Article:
Serratia Marcescens Sepsis Outbreak caused by Contaminated Amino Acid Solution

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Serratia Marcescens Sepsis Outbreak caused by Contaminated Amino Acid Solution

Senthil Kumar A, Kaviyarasan G, Ramalingam R, Raeshmi R, Javeed Khan M.
Department of Pediatrics, Ramalingam Hospital, Salem, Tamil Nadu, India.

ADDRESS FOR CORRESPONDANCE
Dr. Senthil Kumar Arumugam, Consultant Neonatologist, Ramalingam Hospital, Salem-636004
Email: drsenthil_salem@yahoo.com
Keywords
neonatal sepsis, serratia marcescens, abscess
 
A 1-day old female neonate weighing 2.3 kg was hospitalized for meconium aspiration syndrome. On admission, oxygen saturation in room air was 50%, improved to 90% after surfactant. Echocardiography was suggestive of severe pulmonary hypertension. She received inotropes and oral sildenafil. She was ventilated for 8 days and was then put on CPAP (continuous positive airway pressure) for 2 days. Sepsis workup at admission revealed C-reactive protein (CRP) of 172 mg/L and platelet count of 38,000/cu mm. First blood culture grew coagulase-negative staphylococcus. She received parenteral nutrition through umbilical venous catheter (UVC). On day 8, she had altered gastric aspirate, CRP increased from 3 mg/L to 116 mg/L (Table 1), and developed fever spikes on day 12. Echocardiography revealed an intracardiac thrombus measuring 0.44 cm×0.3 cm located in the right atrium. UVC was removed immediately, tip sent for culture. Blood culture grew Serratia marcescens. She received intravenous (IV) ciprofloxacin and IV amikacin. Repeat CRP after 14 days of IV antibiotics was negative and platelet count improved to 3,50,000/cu mm. Serial echocardiography revealed a decrease in pulmonary pressure and spontaneous resolution of intracardiac thrombus. Neurodevelopmental follow-up 9 months was normal.
A 5-day old male neonate presented with bilious vomiting. Ultrasound (USG) abdomen was suggestive of malrotation. Laddsʼs procedure was done. Postoperatively he had significant bilious aspirate, hence started on partial parenteral nutrition. He developed an abscess at the IV prick site in the right forearm after 2 days of parenteral nutrition (Figure 1). Platelet dropped from 3,40,000/cu mm to 11,000/cu mm and CRP increased to 60mg/L (Table 1). Blood culture and pus culture grew Serratia marcescens. He had diarrhea due to secondary lactose intolerance. He received IV antibiotics (meropenem and amikacin) for 14 days.
In both the patients, Serratia marcescens was isolated in same the period, hence 11 environmental samples were sent. Serratia marcescens was isolated in humidifier water and amino acid solution. The amino acid stock was taken away from NICU and sterile humidifier water was changed every day. Preventive measures such as strict hand hygiene and educating NICU sisters about central line-associated bloodstream infection (CLABSI) were taken to control the outbreak.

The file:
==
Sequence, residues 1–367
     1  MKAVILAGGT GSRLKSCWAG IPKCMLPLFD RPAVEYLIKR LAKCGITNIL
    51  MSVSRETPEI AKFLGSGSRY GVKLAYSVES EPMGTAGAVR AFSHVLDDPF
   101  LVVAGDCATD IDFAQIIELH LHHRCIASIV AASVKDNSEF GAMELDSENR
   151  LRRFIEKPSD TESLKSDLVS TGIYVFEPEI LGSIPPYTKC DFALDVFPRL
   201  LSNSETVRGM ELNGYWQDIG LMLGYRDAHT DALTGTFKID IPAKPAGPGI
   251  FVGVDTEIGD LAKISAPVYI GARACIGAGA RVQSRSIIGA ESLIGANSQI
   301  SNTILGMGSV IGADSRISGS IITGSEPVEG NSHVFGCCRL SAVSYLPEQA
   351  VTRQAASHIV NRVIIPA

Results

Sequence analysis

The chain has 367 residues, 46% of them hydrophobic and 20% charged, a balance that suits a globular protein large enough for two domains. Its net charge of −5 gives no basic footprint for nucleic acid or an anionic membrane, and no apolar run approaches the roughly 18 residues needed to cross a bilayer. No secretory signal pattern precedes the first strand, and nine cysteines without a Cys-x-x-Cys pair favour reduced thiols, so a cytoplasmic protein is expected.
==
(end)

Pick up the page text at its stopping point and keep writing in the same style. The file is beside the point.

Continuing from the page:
Figure 1. Abscess in right forearm


Table 1. Serial laboratory parameters in both patients
Laboratory parameters Patient 1 Patient 2
  D1 D3 D4 D6 D8 D21 D1 D11 D14
Hemoglobin (gm/dl) 15 14.4     13.6   17   9.3
White cell count (cells/cumm) 8010 8520     38930   10910   19500
Platelet (X103/cumm) 38 20 67 99 166 350 343 11 160
CRP (mg/L) 172     3 116 4 2 60 11


Serratia marcescens is widespread in the environment causing nosocomial sepsis. Sources of infection include the hands of healthcare workers, infected neonates, contaminated medical devices, etc. The major site of infection includes bloodstream, respiratory, and gastrointestinal system. It is difficult to treat because of resistance to many antibiotics and can cause high mortality and morbidity.1 Serratia marcescens is associated with hospital-acquired infections among infants in NICU. Late-onset Serratia marcescens sepsis has occurred in NICU infants from medical equipment, hands of caregiver, milk bottles, antiseptic solutions, and parenteral fluids.2,3,4 Studies have identified total solution administration as a statistically significant risk factor for Serratia sepsis.5 In our patients also, Serratia marcescens was isolated from an amino acid solution. These two cases are presented to highlight the association of Serratia marcescens sepsis and parenteral nutrition.
 
Compliance with Ethical Standards
Funding None
 
Conflict of Interest None
 
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  3. Cullen MM, Trail A, Robinson M, Keaney M, Chadwick PR. Serratia marcescens outbreak in a neonatal intensive care unit prompting review of decontamination of laryngoscopes. J Hosp Infect. 2005;59:68-70  [CrossRef]  [PubMed]
  4. Zaidi M, Sifuentes J, Bobadilla M, Moncada D, Ponce de León S. Epidemic of Serratia marcescens bacteremia and meningitis in a neonatal unit in Mexico City. Infect Control Hosp Epidemiol. 1989;10:14-20  [CrossRef]  [PubMed]
  5. Maltezou HC, Tryfinopoulou K, Katerelos P, Ftika L, Pappa O, Tseroni M, et al. Consecutive Serratia marcescens multiclone outbreaks in a neonatal intensive care unit. Am J Infect Control. 2012;40: 637-642  [CrossRef]  [PubMed]



DOI: https://doi.org/10.7199/ped.oncall.2020.50

Cite this article as:
A S K, G K, R R, R R, M J K. Serratia Marcescens Sepsis Outbreak caused by Contaminated Amino Acid Solution. Pediatr Oncall J. 2020;17: 130-131. doi: 10.7199/ped.oncall.2020.50
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